The very meaninglessness of life forces man to create his own meaning. Children, of course, begin life with an untarnished sense of wonder, a capacity to experience total joy at something as simple as the greenness of a leaf; but as they grow older, the awareness of death and decay begins to impinge on their consciousness and subtly erode their joie de vivre, their idealism – and their assumption of immortality. As a child matures, he sees death and pain everywhere about him, and begins to lose faith in the ultimate goodness of man. But, if he’s reasonably strong – and lucky – he can emerge from this twilight of the soul into a rebirth of life’s elan. Both because of and in spite of his awareness of the meaninglessness of life, he can forge a fresh sense of purpose and affirmation. He may not recapture the same pure sense of wonder he was born with, but he can shape something far more enduring and sustaining. The most terrifying fact about the universe is not that it is hostile but that it is indifferent; but if we can come to terms with this indifference and accept the challenges of life within the boundaries of death – however mutable man may be able to make them – our existence as a species can have genuine meaning and fulfilment. However vast the darkness, we must supply our own light.

 
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Similarities between shots and designs in ‘2001’ and Pavel Klushantsev’s ‘Road to the Stars’ (1958).
 
Kubrick involved himself in every aspect of the film’s production—from costume and set design, technical specifications, the requirements of specially designed cameras, to the building of a 32-ton centrifuge used to create the interior of a space craft. Kubrick was greatly influenced by Pavel Klushantsev’s Road to the Stars from 1958—and exploited many of the designs, crafts and ideas featured in that film.

Keep reading after the jump…

Posted by Paul Gallagher | Leave a comment
Steampunk style guitar effect produces vibrato with fire—for only $6000
02.26.2016
10:16 am

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Design
Music
Science/Tech

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The Minneapolis, MN ZVEX guitar effects company has been an extremely reputable builder for a couple of decades—their Fuzz Factory distortion box was one of the devices that kicked off the mania for boutique effects in the first place—and they may have crafted THE ultimate boutique pedal: a terrific sounding, incredibly lovely, prohibitively expensive, and completely impractical vibrato. It’s called the Candela, and at $6000, you’re not going to see it on many pedalboards very soon. In fact, its unique 19th-Century-meets-Rube-Goldberg construction and 15lb weight make it totally unsuitable for live performance regardless of its price. But its most notable feature is its power source. Where most guitar effects take a 9-volt battery, the Candela is ingeniously powered with a tea candle. I suppose it must go without saying that holy shit I totally want one.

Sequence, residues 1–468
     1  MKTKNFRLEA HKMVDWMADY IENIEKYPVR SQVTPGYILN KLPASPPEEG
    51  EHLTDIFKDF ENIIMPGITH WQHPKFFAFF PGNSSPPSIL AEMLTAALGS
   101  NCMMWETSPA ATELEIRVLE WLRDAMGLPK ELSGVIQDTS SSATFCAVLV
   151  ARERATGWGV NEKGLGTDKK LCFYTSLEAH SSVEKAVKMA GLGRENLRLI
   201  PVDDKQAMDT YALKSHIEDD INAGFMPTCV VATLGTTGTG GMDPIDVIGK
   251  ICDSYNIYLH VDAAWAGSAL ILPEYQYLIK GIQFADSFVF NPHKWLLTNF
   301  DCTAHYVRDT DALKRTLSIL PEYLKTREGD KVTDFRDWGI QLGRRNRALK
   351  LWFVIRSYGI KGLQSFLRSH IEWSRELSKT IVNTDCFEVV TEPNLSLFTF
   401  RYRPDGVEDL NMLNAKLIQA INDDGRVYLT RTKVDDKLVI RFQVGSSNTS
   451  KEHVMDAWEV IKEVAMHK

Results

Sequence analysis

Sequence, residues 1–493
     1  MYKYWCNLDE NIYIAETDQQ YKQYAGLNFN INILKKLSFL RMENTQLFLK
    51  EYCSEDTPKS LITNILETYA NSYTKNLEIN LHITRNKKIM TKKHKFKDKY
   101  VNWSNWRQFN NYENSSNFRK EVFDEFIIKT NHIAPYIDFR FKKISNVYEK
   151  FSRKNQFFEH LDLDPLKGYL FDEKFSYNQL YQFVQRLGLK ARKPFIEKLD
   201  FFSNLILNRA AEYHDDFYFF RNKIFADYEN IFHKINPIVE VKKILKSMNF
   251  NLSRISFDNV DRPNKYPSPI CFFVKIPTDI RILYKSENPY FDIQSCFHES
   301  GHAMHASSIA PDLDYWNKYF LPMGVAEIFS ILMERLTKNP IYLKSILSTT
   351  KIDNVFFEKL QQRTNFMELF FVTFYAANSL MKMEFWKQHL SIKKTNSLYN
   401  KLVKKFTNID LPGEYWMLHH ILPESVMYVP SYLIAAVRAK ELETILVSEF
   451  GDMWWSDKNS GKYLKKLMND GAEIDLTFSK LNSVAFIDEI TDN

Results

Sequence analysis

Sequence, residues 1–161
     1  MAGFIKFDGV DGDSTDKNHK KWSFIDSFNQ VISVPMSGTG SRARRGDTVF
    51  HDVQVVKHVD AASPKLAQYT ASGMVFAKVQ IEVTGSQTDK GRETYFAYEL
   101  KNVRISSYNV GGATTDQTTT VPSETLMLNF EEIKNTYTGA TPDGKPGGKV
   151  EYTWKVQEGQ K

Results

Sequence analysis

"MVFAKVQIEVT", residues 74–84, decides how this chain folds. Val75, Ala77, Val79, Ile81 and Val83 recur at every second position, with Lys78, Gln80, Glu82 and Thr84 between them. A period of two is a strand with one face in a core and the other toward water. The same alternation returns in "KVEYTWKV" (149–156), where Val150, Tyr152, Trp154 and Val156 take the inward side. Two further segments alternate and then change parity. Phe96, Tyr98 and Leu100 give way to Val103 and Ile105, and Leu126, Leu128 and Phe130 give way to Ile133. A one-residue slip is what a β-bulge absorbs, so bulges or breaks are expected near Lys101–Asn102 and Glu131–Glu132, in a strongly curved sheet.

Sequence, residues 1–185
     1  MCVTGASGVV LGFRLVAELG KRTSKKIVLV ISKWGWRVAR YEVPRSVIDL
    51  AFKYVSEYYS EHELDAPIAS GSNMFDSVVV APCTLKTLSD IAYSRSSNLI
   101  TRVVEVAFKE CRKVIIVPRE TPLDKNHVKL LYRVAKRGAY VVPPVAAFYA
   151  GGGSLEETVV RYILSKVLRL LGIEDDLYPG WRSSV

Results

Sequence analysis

Read more after the jump…

Posted by Ron Kretsch | Leave a comment
Scouting merit badges for cool shit like prank-calls, grave-robbing and arson!
02.15.2016
09:45 am

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Design
Fashion
Pop Culture

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These are totally badass. Artist Luke Drozd is responsible for these “Alternative Scouting for Girls and Boys Merit Badges.” The badges are based on a comic strip from his Threnodies book.
 

 
The patches are standard merit badge size, about 4.5 cm diameter, and can be sewn or ironed-on to your favorite jacket or scouting sash.

If these had been around when I was a kid, I may have actually joined the Cub Scouts. They almost make me wanna have a kid, just to pridefully watch them try to earn some of these lovelies. The full line includes badges for Grave Robbing, Arson, Violent Revenge, Curses & Hexes, Espionage, Money Laundering, Cryptozoology, Spirit Medium, Prank Calls, Home Dentistry, Mind Control, Cannibalism, Invisibility, Time Travel, Necromancy and Mob Justice.

Home dentistry! Now that’s a skill that will come in handy throughout one’s life. Math can’t help you perform a root canal. Fuck math.
 

 
You can order them individually or in sets HERE.

After the jump, some young would-be scouts going for their merit badges in pill-popping and glue-huffing…

Posted by Christopher Bickel | Leave a comment
Heavy metal heroes Valentine’s Day cards
02.08.2016
09:25 am

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Design
Music
Pop Culture

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Glenn Danzig

I realize that I’m blogging about these cards just a week before Valentine’s Day. Perhaps I’m too late to the game on this one, but maybe they can be rushed delivered? Anyway, here they are in all their glory… heavy metal heroes Valentine’s Day cards! For those who, you know, don’t want to get all mushy-gushy on the holiday.